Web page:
The conference aims to investigate some of the following questions: How to define war and what were the past attempts to define it? Who is to wage wars, in what manner, for what reasons and are these questions relevant? Is peace only a lack of war? Will the next World War be indeed fought with sticks and stones? How is and was the theme of war and peace pictured in public discourses and in individual reflections? Topics based on these questions may include, but are not limited to the following areas:
  • Theories of War: just war, realism, right of self-defense, militarism, intervention, religion and war, modernity and total war
  • Theories of Peace: pacifism, non-violent struggle, limits of toleration, religious and secular peace movements
  • The "next war": the “last war”, hyperreal war, cyber war, hybrid warfare, drones, crisis theory
  • Discourses about war and peace: intellectuals and war, myths of wars, Cold War narratives, propaganda

The language of the conference is English.

Date: September 17-19, 2015
Venue: TBA (The event is going to take place at one of the organizing universities.)

Please submit your proposal of 300-400 words to together with your name and affiliation. The deadline for submitting proposals is May 31, 2015.
Some support for accommodation or travel expenses will be provided for participants who have no access to institutional funding for academic travel.

Friday, May 1, 2015

Nancy Sherman . . .

. . . the military ethicist, has a new book out and an Op-Ed in the LA times (see the responses too). 

Tuesday, April 21, 2015

Workshop on Lethal Agency

Stockholm Centre for the Ethics of War and Peace 
Tuesday 12th May, 2015
Långholmen Hotel, Stockholm

Matthew Hanser (UC Santa Barbara) 'Trying, Risking and Wronging’
Adil Ahmad Haque (Rutgers) 'Human Shields’
Victor Tadros (Warwick) 'Causal Contributions and Liability'
Patrick Tomlin (Reading) 'Proportionality and Probability'

This small workshop will focus on philosophical issues surrounding lethal agency. Papers will be pre-circulation only, and should be read in advance. Attendance is free, but places are limited. Please email Jonathan Parry ( to register. 

Thursday, April 9, 2015

Call for Papers: The Future of Just War


The Future of Just War: Theoretical and Practical Challenges

Dates: October 7 – 9, 2015

Location: Naval Postgraduate School; Monterey, California

Deadline for submissions: May 15th, 2015
Notification of acceptance: June 15th, 2015

Any paper on any topic related to the ethics of war, just war theory, the moral implications for the future of warfare, or related issues will be considered. However, some preference will be given to papers that consider the ethical implications of new, emerging, and future military technology and the resulting changing nature of warfare. The conference organizers are specifically hoping for strong ethics papers on cyberwarfare and unmanned and robotic weapons systems. We also hope to have an interdisciplinary event and welcome submissions from a range of fields including, but not limited to: philosophy, law, public policy, political science, or related fields. Submissions from active scientists, researchers, or practitioners are also welcome, particularly insofar as those presentations could complement the ethics theme of the conference.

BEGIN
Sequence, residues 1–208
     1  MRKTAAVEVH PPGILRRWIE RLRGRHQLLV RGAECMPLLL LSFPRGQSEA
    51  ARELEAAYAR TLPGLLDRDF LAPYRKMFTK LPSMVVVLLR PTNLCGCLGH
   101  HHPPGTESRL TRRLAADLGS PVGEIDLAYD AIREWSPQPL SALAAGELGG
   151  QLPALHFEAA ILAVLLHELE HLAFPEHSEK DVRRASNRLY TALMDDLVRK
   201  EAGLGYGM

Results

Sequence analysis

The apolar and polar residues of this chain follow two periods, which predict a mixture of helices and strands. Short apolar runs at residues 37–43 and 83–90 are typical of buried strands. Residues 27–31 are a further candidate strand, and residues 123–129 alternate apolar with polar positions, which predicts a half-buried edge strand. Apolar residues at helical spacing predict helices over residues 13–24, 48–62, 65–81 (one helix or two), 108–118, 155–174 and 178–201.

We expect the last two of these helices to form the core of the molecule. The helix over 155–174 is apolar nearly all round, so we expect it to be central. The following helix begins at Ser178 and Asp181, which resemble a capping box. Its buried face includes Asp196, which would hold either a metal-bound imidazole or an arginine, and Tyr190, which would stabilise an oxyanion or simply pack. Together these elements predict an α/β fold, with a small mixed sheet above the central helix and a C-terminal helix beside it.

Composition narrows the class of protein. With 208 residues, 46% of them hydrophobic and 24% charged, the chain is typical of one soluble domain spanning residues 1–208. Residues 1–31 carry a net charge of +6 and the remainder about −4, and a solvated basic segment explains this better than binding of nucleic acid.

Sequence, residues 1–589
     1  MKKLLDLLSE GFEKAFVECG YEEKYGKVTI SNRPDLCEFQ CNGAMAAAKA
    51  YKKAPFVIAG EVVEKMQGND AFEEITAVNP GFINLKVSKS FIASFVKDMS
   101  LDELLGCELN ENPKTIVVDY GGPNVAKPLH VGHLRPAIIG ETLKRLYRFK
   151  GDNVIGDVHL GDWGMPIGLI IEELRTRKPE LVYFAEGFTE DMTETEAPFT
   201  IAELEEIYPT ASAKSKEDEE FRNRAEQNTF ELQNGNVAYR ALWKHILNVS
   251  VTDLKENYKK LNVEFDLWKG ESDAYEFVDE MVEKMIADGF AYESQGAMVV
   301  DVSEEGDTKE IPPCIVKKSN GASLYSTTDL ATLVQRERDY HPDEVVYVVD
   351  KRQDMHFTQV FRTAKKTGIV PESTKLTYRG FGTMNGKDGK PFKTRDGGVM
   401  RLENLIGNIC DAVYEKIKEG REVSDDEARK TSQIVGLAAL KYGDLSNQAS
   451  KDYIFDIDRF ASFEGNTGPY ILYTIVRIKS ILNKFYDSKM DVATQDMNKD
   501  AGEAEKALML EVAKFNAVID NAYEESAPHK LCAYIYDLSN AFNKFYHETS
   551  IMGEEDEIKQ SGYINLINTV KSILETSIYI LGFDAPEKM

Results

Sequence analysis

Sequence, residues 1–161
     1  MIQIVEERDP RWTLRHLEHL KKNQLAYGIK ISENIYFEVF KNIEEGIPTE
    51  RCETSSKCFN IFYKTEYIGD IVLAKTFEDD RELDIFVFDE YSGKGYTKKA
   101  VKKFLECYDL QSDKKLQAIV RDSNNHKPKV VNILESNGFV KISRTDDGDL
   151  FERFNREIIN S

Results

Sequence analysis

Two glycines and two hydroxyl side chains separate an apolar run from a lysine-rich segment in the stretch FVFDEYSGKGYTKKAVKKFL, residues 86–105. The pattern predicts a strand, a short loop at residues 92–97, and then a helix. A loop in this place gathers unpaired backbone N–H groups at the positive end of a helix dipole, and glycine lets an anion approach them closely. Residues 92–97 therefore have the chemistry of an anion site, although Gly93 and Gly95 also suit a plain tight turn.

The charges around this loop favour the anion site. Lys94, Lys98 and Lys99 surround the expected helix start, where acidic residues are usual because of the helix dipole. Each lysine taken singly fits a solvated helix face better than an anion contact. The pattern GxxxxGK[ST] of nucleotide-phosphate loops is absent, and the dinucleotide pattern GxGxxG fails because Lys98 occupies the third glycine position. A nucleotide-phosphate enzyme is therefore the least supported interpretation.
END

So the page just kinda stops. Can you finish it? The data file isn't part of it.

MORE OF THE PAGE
To submit a paper for consideration, please submit an extended abstract of 500 to 800 words. Full papers will also be considered. All submissions will be peer-reviewed.

Submit extended abstracts or full papers to as .doc, .docx, or .pdf. Please put "Conference Submission" in the subject line of the email.

The conference is hosted by the Defense Analysis Department at the Naval Postgraduate School with generous support from the Consortium for Robotics and Unmanned Systems Education and Research, and in collaboration with the Stockholm Centre for the Ethics of War and Peace and the National Science Foundation.

Three graduate student stipends of $750 each will be offered to the best papers submitted by graduate students.

Organizing Committee: Bradley J. Strawser (chair), Fritz Allhoff, Helen Frowe, Rebecca Lorentz, and Amelia Simunek. Send any questions to

Keynote Speakers:

Jeff McMahan, University of Oxford
Adil Haque, Rutgers School of Law
Helen Frowe, Stockholm Centre for the Ethics of War and Peace

Confirmed Speakers:

Saba Bazargan, UC San Diego
Leo Blanken, Naval Postgraduate School
Wilson Brissett, United States Air Force Academy
Susanne Burri, University of St. Gallen
Janina Dill, University of Oxford
Ian Fishback, United States Military Academy
Seth Lazar, The Australian National University
Camber Warren, Naval Postgraduate School

Thursday, March 19, 2015

Tuesday, March 10, 2015

McMahan lecture tomorrow at LSE

We are delighted to announce this year's Auguste Comte Memorial Lecture by Professor Jeff McMahan (Oxford)

Wednesday 11 March, 6:30-8 pm.
Liability, Proportionality and the Number of Aggressors
Venue: Hong Kong Theatre, Clement House
All are welcome; no tickets required.

Jeff McMahan is White's Professor of Moral Philosophy at the University of Oxford and the author of The Ethics of Killing: problems at the margins of life and Killing in War.
Further info on:

With best wishes,
Alex Voorhoeve

Want to do a PhD in Military ethics in Australia?

PhD Scholarship in Military Ethics at the University of New South Wales.

UNSW Canberra – located at the Australian Defence Force Academy - is
offering a 3-year PhD Scholarship for a project on “What Motivates
Enlistment and Why it Matters, Morally and Politically”.

Traditionally the military has been thought of as an institution, not unlike